Aurichalcite is a carbonate mineral, usually found as a secondary mineral in copper and zinc deposits. Its chemical formula is (Zn,Cu)5(CO3)2(OH)6. The zinc to copper ratio is about 5:4.[3]

CategoryCarbonate mineral
(repeating unit)
IMA symbolAch[1]
Strunz classification5.BA.15
Crystal systemMonoclinic
Crystal classPrismatic (2/m)
(same H-M symbol)
Space groupP21/m
Unit cella = 13.82, b = 6.419
c = 5.29 [Å]
β = 101.04°; Z = 2
ColorPale green, greenish blue, light blue; colorless to pale blue, pale green in transmitted light
Crystal habitTypically in tufted divergent sprays or spherical aggregates, may be in thick crusts; rarely columnar, laminated or granular
TwinningObserved in X-ray patterns
Cleavage{010} and {100} Perfect
Mohs scale hardness2
LusterPearly, silky
StreakLight blue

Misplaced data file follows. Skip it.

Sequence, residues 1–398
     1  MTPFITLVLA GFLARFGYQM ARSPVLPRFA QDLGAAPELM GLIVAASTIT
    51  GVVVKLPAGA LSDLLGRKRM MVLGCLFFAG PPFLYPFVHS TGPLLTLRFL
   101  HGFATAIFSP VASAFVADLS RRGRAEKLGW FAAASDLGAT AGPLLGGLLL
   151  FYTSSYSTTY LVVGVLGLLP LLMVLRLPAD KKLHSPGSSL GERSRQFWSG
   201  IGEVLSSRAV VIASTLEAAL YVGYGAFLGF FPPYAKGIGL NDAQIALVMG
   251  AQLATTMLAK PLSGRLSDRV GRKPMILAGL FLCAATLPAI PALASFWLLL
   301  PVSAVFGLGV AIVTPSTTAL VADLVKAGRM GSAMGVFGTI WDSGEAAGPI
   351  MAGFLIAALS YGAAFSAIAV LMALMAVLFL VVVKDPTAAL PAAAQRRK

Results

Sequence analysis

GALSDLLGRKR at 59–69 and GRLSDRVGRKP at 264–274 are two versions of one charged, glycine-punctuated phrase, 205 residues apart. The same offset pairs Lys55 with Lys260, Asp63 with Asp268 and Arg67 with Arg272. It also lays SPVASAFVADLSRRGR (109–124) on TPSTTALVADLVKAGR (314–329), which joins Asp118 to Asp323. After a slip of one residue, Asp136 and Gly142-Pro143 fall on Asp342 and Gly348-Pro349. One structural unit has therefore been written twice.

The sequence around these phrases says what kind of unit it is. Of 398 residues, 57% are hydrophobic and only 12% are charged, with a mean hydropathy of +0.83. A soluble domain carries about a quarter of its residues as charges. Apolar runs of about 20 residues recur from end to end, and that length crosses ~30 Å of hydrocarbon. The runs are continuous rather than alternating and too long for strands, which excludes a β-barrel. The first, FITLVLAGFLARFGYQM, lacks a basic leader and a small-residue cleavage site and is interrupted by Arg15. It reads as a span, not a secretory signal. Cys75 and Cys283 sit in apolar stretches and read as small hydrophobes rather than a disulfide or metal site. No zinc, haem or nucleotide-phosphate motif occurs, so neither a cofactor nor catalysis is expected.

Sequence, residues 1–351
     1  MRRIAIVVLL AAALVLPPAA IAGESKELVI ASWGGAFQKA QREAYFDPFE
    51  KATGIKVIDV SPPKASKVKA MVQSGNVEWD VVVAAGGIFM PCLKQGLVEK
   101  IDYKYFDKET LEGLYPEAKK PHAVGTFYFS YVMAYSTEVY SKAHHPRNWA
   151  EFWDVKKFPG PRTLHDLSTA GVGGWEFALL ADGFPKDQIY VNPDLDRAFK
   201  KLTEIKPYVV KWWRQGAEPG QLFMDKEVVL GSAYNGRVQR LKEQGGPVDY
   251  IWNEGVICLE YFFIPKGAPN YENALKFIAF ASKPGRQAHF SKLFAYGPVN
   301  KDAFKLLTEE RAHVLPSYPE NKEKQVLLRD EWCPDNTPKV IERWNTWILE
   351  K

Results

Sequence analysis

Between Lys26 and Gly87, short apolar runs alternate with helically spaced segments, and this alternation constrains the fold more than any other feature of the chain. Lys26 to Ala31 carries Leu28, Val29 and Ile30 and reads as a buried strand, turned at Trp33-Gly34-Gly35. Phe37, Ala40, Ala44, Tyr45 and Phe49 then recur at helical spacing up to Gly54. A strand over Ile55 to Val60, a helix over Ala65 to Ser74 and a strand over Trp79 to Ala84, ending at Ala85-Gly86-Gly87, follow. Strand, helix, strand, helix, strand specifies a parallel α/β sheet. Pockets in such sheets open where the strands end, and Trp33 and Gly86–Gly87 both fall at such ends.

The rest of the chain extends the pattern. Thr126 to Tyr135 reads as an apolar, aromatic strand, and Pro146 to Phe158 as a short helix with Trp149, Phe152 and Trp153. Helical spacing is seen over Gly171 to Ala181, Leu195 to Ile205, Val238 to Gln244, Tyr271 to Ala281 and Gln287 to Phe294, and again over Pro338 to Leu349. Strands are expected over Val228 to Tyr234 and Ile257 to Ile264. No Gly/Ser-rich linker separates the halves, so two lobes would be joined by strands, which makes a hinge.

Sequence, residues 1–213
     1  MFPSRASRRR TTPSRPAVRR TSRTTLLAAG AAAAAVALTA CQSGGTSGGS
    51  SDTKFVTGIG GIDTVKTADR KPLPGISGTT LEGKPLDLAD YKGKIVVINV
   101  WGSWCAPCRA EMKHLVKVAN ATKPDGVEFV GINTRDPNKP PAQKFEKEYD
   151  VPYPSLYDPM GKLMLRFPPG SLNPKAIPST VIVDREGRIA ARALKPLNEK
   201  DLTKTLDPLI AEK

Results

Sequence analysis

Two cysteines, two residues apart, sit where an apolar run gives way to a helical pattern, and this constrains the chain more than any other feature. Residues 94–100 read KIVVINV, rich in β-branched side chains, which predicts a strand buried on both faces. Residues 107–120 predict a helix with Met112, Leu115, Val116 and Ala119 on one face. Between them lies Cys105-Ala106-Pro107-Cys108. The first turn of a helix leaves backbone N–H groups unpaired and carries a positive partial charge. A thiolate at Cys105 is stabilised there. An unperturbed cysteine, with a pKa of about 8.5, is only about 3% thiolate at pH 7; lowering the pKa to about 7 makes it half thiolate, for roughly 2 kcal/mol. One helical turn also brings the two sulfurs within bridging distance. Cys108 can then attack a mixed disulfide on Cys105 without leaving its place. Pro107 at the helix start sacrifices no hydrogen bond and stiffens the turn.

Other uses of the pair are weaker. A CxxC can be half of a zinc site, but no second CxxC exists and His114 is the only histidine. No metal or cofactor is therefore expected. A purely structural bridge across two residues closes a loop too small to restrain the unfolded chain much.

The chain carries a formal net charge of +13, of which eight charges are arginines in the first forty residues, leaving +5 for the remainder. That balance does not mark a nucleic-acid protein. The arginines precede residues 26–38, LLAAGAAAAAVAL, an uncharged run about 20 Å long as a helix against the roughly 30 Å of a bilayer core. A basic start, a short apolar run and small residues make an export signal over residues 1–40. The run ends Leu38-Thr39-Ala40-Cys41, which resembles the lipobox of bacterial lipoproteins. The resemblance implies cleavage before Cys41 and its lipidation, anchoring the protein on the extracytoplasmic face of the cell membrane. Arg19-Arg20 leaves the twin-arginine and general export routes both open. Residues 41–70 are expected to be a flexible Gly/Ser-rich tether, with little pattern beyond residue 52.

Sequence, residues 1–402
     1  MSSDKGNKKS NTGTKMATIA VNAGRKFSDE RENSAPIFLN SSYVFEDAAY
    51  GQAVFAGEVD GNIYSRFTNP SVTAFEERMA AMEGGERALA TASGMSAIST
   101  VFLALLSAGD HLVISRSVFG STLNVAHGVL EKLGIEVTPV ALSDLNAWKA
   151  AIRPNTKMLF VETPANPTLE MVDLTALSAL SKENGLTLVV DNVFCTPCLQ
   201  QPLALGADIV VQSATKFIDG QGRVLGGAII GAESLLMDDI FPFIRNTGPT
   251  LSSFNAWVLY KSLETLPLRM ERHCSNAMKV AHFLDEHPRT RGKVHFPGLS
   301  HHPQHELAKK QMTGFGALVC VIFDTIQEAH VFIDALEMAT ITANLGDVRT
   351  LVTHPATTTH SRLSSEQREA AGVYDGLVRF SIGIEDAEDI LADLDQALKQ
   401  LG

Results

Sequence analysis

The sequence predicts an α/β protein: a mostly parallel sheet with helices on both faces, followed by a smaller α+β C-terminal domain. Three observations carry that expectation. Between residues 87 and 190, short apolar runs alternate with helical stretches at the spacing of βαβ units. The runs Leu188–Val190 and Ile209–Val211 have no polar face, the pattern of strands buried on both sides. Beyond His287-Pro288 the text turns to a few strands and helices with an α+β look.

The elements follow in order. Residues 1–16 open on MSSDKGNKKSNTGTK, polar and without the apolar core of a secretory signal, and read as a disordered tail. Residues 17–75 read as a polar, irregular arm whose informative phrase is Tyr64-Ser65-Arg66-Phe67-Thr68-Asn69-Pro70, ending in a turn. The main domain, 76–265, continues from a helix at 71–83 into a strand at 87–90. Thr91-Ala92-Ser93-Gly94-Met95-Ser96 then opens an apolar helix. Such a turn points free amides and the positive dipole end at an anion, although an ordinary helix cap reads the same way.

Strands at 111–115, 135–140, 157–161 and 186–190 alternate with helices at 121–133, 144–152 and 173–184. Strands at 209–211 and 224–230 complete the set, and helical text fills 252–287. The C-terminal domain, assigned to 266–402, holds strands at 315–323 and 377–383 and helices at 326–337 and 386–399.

Specific gravity3.96
Optical propertiesBiaxial (-)
Refractive indexnα = 1.655 nβ = 1.740 nγ = 1.744
PleochroismWeak colorless to pale green
2V angleMeasured: 1° to 4°, Calculated: 22°


Aurichalcite typically occurs in the oxidized zone of copper and zinc deposits. Associated minerals include: rosasite, smithsonite, hemimorphite, hydrozincite, malachite and azurite.[2]

It was first described in 1839 by Bottger who named the mineral for its zinc and copper content after the Greek όρειχαλκος, for "mountain brass" or "mountain copper", the name of orichalcum, a fabulous metal, mentioned in the legend of the mythic lost continent Atlantis. The type locality is the Loktevskoye Mine, Upper Loktevka River, Rudnyi Altai, Altaiskii Krai, Western Siberia, Russia.[3]


Aurichalcite displays prismatic crystals often in the form of encrustations and sometimes columnar structures.[5] The crystal system is monoclinic.


  1. ^ Warr, L.N. (2021). "IMA–CNMNC approved mineral symbols". Mineralogical Magazine. 85 (3): 291–320. Bibcode:2021MinM...85..291W. doi:10.1180/mgm.2021.43. S2CID 235729616.
  2. ^ a b Handbook of Mineralogy
  3. ^ a b c Mindat
  4. ^ Webmineral data
  5. ^ "Aurichalcite Mineral Data." Accessed 18 February 2019.